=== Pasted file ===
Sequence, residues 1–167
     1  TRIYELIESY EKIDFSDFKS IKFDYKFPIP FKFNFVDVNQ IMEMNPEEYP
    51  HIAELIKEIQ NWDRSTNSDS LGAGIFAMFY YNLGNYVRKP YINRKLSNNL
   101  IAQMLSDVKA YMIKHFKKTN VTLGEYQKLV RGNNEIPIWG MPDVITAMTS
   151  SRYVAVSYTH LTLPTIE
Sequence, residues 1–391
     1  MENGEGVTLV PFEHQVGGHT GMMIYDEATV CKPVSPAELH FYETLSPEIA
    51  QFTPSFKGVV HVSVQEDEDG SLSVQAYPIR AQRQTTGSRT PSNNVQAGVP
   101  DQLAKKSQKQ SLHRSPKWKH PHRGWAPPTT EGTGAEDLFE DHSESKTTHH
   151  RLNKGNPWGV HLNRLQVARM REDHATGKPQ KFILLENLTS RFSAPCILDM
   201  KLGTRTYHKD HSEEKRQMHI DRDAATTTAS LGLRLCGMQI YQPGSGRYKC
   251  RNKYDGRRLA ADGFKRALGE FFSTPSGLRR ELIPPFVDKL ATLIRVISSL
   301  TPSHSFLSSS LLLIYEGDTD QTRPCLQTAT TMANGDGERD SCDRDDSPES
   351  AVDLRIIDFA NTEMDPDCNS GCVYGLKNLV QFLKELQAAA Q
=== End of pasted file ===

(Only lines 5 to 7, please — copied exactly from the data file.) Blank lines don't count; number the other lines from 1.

   151  SRYVAVSYTH LTLPTIE
Sequence, residues 1–391
     1  MENGEGVTLV PFEHQVGGHT GMMIYDEATV CKPVSPAELH FYETLSPEIA